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Honoraria Payments

Guide For Honoraria Payments

A gratuitous payment of money or other thing of value to a person for the person’s participation in a usual academic activity for which no fee is legally required. An honorarium is provided as a token of appreciation for participation in an activity or event, and not as a contractual obligation to pay for services rendered. An honorarium is usually a one-time payment made to an individual (not a corporation, business or partnership) who is not an employee of the University, for a special and non-recurring activity or event.

"Usual Academic Activity" means activity conducted for the benefit of the honorarium-paying institution and includes lecturing, teaching, consulting, conducting research, attending meetings, symposia or seminars, or otherwise sharing knowledge. Readings and performances are included academic activities, so long as the activity is open without charge to the public and/or students.

Please Note: Under IRS regulations, honoraria payments are considered taxable income. Therefore, as a matter of policy, the recipient of an honorarium payment may not transfer the payment to another organization or individual. If the honorarium recipient wishes to transfer the payment to another organization or individual, he or she must receive the money and then donate it.

Determination of Honorarium Payments

  1. Is the individual a business, corporation or partnership?
  2. Was the payment amount negotiated between the University and the Individual?
  3. Is there a contractual agreement?
  4. Are the individual’s services recurring?
  5. Is the individual an employee or student employee?
  6. Did the individual set the price?

If you have answered "yes" to any of the above questions the payment does not qualify as an honorarium.

IRS rules for Honoraria Payments rules are:

  • The activity lasts no more than 9 days. An individual may be at the institution longer than 9 days, however the number-of-days limitation applies only to "the event", and
  • The services conducted are of direct benefit to the University, and
  • The visitor has not accepted payments from more than 5 institutions in the previous 6 months.

Documentation Requirement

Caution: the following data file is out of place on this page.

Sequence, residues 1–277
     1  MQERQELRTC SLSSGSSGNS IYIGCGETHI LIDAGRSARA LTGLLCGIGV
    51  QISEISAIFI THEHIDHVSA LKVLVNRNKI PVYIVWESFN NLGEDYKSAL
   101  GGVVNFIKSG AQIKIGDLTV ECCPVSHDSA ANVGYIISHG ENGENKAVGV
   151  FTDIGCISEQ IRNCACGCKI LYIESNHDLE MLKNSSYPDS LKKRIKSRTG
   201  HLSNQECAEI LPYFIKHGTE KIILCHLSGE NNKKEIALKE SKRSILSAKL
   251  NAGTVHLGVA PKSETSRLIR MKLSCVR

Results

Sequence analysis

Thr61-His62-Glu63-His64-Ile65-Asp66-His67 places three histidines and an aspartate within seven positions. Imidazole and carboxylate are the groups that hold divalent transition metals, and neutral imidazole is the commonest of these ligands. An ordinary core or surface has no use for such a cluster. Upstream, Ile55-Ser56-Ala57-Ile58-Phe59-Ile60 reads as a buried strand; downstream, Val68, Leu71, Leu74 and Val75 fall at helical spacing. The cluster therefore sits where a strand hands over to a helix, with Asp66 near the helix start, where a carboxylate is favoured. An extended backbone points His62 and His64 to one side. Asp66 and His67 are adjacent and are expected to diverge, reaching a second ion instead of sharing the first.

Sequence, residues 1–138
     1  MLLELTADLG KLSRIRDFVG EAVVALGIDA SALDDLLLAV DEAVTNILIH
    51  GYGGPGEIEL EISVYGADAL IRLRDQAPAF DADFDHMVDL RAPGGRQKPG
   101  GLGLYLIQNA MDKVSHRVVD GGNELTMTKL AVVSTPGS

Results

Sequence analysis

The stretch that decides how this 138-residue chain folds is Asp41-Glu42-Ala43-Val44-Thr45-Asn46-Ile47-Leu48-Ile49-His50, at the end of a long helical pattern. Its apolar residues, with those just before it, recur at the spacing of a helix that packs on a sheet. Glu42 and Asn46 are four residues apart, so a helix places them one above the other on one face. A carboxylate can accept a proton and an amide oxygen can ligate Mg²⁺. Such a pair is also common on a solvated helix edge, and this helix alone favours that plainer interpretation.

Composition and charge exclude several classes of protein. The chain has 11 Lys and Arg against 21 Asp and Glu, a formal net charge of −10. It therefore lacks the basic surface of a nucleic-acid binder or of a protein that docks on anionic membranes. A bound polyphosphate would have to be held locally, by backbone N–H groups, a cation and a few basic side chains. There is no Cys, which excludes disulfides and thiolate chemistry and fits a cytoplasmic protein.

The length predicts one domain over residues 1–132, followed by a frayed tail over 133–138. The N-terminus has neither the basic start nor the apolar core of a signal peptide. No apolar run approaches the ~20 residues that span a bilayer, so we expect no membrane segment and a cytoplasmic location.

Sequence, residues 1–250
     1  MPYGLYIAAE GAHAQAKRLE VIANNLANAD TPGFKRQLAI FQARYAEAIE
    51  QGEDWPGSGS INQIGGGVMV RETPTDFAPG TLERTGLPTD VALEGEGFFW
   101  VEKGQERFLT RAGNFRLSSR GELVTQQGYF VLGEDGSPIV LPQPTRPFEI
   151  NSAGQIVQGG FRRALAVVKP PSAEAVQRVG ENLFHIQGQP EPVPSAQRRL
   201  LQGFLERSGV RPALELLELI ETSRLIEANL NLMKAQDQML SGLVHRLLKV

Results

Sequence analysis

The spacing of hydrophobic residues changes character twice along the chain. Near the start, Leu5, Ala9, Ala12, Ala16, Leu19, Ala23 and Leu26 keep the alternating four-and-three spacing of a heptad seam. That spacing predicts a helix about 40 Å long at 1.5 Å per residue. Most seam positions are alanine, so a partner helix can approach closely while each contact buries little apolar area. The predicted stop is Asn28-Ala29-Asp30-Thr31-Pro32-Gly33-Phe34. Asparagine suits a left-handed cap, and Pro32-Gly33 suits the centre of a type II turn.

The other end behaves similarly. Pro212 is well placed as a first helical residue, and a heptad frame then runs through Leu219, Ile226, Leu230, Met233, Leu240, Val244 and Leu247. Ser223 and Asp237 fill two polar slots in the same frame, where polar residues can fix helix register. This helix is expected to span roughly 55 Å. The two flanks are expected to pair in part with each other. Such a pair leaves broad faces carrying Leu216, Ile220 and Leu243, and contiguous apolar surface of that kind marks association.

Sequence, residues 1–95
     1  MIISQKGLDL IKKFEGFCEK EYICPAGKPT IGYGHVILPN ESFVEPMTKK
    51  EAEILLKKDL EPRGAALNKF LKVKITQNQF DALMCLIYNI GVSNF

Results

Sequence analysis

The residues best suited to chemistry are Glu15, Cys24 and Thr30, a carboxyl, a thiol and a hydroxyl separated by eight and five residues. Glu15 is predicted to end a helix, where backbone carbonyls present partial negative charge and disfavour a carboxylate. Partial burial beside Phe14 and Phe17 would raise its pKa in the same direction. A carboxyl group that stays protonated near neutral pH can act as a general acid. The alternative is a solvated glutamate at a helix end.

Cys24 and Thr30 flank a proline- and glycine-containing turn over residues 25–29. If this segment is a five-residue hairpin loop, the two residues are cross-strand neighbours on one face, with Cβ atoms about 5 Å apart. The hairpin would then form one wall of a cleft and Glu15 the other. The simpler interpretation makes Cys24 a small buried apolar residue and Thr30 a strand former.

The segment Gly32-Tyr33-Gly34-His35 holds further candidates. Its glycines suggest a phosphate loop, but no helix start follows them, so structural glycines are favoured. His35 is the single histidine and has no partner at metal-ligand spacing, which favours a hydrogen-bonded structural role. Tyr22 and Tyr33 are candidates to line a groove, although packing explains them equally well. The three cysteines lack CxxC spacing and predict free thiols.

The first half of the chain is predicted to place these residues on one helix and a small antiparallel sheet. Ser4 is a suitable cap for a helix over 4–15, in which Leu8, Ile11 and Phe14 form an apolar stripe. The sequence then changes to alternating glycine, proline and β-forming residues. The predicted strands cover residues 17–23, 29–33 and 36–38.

U.S. Citizens or U.S. Resident Aliens

  • Form W9
  • PDA-NA (Non-Affiliate)
  • Flyer or Memo documenting person’s participation, date and location of activity or event

Foreign National

A Guest speaker that holds a J, B, or Waiver Status is permitted to be paid honoraria. The documents required for payment are as follows:

  • Form W-8BEN
  • PDA-F (Foreign Non-Affiliate)
  • Foreign National Information Form (FNIF)
  • Foreign Visitors Honoraria Eligibility Certification Form
  • Photocopy of main page of passport
  • Photocopy of I-94 Document or Stamp of Entry
  • Flyer or Memo documenting person’s participation, date and location of activity or event

Additional Documentation for J1 Visa Holders

  • Photocopy of visa
  • Photocopy of DS-2019 form
  • If your guest speaker's J1 visa was issued by a U.S. institution other than Penn, a letter from the issuing institution recommending such activity and explaining how the activity would enhance the exchange visitor's program. This letter is to be written prior to the engagement.


Visitors on TN, H-1B or O visas not sponsored by Penn may NOT receive honoraria or service payments (including employee compensation). In these cases, it may be necessary to arrange to pay your guest speaker's home institution so that they can in turn pay your guest speaker. Penn’s Tax and International Operations reviews travel reimbursement requests for holders of these types of visas on a case by case basis.

Taxability of Honoraria Payments:

U.S. income tax will not be withheld from US citizens and/or permanent residents. However, at the applicable tax rate, taxes may be withheld from payments to Non-Resident Aliens from non-tax treaties countries and also tax exempted countries unless a properly completed IRS Form 8233 (Exemption From Withholding on Compensation for Independent Personal Services of a Nonresident Alien Individual) and the applicable statement under IRS Revenue Procedure 87-9 is submitted, along with the payment request.

NOTE: Tax treaty benefits are not automatic. Determination of eligible treaty benefits are processed by Tax and International Operations. Nonresident aliens who may be eligible to receive a tax treaty exemption will be provided with IRS Form 8233 and applicable statement by the Tax Department. The Foreign National must submit a signed Form 8233 to the department initiating the request for payment in order to ensure that U.S. income tax will not be withheld from the payment.

The University is obligated to report to the Internal Revenue Service (IRS) on Form 1099 all U.S. Citizens and Resident Aliens receiving cumulative remuneration greater than the annual threshold amount of $600.

The University will report to the Internal Revenue Service (IRS) on Form 1042-S all Non-Resident Aliens receiving cumulative remuneration.


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